More than 2,400 Ukrainian children have been taken to Belarus since Russia invaded Ukraine in 2022, according to new research published Thursday by Yale University.
The findings by the Humanitarian Research Lab at the Yale School of Public Health are the most extensive yet about Belarus’ alleged role in Russia’s forced relocation of Ukrainian children.
The report found that Ukrainian children, ages 6 to 17, had been transported from at least 17 cities in Ukraine’s Russian-occupied territory.
Yale identified more than 2,000 children who were transported to the Dubrava children’s center in the Minsk region of Belarus between September 2022 and May 2023. More than 390 children were taken to another 12 facilities, the report said.
That’s on top of the nearly 20,000 Ukrainian children who were forcibly taken from Ukraine to Russia since the war began, according to Kateryna Rashevska, a legal expert at the Regional Center for Human Rights in Kyiv.
Ukraine’s war crimes prosecutors are investigating the forced transfer of Ukrainian children as potential genocide.
Meanwhile, Russian shelling on Thursday killed two people and wounded at least 12 across southern Ukraine’s Kherson region, local officials said.
Among the dead was a 75-year-old woman who died in her apartment in the region’s biggest town, which is also called Kherson, regional governor Oleksandr Prokudin said. Eight people were injured, he said on the messaging app Telegram.
Also Thursday, the United Kingdom’s top foreign diplomat, David Cameron, traveled to the Port of Odesa to pledge continued support for the Ukrainian war effort.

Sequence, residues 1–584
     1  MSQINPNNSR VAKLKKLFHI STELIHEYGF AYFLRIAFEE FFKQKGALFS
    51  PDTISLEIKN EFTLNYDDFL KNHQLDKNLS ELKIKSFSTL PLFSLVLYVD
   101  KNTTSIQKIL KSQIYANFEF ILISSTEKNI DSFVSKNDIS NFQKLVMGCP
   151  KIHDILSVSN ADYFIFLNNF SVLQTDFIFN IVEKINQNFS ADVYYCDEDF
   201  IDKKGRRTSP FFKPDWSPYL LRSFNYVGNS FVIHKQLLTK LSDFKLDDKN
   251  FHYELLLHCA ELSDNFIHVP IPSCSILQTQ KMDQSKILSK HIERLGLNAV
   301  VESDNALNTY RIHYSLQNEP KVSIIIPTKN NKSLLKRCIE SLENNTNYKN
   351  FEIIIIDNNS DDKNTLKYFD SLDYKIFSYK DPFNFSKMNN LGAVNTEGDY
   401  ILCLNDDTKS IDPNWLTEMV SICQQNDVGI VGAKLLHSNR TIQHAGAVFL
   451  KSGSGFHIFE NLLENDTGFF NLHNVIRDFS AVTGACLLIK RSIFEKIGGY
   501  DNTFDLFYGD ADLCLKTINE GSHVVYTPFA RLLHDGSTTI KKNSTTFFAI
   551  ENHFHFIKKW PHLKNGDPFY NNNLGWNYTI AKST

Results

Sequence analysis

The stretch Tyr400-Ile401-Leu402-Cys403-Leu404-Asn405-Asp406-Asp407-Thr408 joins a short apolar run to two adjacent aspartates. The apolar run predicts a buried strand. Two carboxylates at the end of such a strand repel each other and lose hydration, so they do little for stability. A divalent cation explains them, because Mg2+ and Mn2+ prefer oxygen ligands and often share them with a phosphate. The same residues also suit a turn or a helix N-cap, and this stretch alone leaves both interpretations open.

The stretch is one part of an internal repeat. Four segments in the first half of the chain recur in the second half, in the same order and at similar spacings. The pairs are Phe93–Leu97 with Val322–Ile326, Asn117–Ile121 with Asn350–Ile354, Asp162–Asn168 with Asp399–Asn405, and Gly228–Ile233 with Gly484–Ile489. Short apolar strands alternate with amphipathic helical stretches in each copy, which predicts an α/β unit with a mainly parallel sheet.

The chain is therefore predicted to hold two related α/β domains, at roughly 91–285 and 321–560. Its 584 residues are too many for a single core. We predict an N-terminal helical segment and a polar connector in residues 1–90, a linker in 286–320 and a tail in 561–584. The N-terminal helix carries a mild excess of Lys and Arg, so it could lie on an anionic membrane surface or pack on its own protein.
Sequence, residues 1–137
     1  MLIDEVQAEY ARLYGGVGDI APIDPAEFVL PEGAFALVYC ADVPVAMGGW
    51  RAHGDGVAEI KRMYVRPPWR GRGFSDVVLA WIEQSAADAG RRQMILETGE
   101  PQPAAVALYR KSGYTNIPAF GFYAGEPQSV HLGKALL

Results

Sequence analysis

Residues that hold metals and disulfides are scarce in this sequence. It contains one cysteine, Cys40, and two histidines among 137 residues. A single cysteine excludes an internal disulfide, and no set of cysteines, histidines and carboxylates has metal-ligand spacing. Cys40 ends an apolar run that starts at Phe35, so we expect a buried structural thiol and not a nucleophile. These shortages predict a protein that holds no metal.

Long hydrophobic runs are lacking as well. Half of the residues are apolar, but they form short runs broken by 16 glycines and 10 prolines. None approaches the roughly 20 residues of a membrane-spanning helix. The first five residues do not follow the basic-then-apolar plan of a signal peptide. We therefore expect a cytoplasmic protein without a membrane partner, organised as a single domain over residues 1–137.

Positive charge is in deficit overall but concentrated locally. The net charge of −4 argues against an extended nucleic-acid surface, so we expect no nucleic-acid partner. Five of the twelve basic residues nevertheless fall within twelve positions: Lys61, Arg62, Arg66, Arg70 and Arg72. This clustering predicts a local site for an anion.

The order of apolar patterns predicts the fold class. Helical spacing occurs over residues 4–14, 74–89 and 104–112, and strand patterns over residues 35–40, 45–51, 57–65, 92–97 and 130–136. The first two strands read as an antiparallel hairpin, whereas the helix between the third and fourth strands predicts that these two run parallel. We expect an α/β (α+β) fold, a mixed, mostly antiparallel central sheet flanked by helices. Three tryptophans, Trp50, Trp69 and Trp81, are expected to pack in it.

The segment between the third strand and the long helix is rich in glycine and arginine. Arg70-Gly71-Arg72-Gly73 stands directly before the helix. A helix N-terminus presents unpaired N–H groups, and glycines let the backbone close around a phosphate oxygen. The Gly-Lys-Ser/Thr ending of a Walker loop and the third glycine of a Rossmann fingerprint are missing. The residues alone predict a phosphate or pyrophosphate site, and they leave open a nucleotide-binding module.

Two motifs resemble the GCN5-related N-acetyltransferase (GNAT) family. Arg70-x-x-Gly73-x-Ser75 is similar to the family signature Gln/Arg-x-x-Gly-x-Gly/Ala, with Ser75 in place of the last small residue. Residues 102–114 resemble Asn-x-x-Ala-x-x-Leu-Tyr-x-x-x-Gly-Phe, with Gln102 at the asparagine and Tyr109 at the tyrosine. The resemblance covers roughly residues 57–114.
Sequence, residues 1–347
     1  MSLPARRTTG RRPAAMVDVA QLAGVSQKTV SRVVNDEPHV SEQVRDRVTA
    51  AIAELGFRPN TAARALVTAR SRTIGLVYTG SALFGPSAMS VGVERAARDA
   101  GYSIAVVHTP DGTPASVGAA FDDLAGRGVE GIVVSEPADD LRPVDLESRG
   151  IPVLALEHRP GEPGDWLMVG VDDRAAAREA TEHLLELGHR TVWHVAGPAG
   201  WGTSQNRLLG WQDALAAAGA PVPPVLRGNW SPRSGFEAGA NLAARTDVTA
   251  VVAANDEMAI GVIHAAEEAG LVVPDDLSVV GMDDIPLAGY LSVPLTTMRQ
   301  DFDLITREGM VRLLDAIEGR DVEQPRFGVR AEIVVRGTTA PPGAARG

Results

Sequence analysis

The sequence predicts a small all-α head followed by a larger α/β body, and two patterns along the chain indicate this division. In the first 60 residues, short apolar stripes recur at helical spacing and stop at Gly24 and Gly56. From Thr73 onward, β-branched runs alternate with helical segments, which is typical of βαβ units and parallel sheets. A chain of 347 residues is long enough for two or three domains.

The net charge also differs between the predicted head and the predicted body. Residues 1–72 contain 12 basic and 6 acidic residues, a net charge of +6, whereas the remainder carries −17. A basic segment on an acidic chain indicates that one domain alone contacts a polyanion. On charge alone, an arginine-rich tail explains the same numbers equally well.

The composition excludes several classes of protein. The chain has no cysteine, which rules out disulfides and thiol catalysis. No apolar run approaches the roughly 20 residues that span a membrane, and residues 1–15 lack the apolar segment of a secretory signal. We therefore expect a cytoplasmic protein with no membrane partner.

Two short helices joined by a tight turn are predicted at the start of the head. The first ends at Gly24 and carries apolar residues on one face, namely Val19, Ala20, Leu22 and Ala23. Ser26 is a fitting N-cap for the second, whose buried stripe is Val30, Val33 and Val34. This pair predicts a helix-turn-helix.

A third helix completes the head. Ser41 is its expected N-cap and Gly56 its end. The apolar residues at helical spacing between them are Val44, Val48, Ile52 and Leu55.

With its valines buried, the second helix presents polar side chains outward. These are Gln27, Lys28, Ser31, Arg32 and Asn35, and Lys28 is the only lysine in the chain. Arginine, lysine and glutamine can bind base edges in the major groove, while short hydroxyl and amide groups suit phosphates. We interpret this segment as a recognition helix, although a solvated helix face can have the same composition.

Cameron’s visit is the first the former British prime minister has made since being named to his new role of foreign minister.
It also marks the first time a British diplomat has traveled to the port city, a common target for Russian airstrikes during Russia’s war in Ukraine.
Cameron said the U.K. would continue to provide whatever support was needed to Ukraine, “but above all, the military support that you need not just this year and next year but however long it takes.”
The visit came as Ukraine faces significant setbacks in the war effort, including attention shifting to the Israel-Hamas war in the Middle East, the European Union’s inability to provide all the munitions it promised, and political fighting in the United States threatening additional aid to Ukraine.
The U.K. said its $5.7 billion of military aid to Ukraine was second only to the U.S. and that the country had trained 30,000 Ukrainian troops.
“Russia thinks it can wait this war out and that the West will eventually turn its attention elsewhere,” Cameron said in a statement Thursday. “This could not be further from the truth. In my first discussions with President [Volodymyr] Zelenskyy in my new role, I made clear that the U.K. and our partners will support Ukraine and its people for as long as it takes for them to achieve victory.”
The Ukrainian counteroffensive has seen little success, and the war appears to be reaching a stalemate, a situation that Zelenskyy has warned would create a “volcano that is sleeping but will definitely wake up.”
“We cannot afford any stalemate,” Zelenskyy told African journalists in Kyiv on Wednesday. “If we want to end the war, we must end it. End with respect so that the whole world knows that whoever came, captured and killed, is responsible.”
According to the Ukrainian president, if the war becomes a stalemate, future generations of Ukrainians will have to fight, because Russia “will come again if it is not put in its place.”
Zelenskyy’s comments came two weeks after General Valery Zaluzhny, commander in chief of the Ukrainian military, told The Economist that the war had “reached the level of technology that puts us into a stalemate.”
Zelenskyy acknowledged that the situation on the battlefield remained very difficult but said he does not believe that the war has reached a stalemate. He emphasized that Ukraine will not negotiate with Russia until it completely withdraws from Ukrainian territories.
Some information in this report came from The Associated Press and Reuters.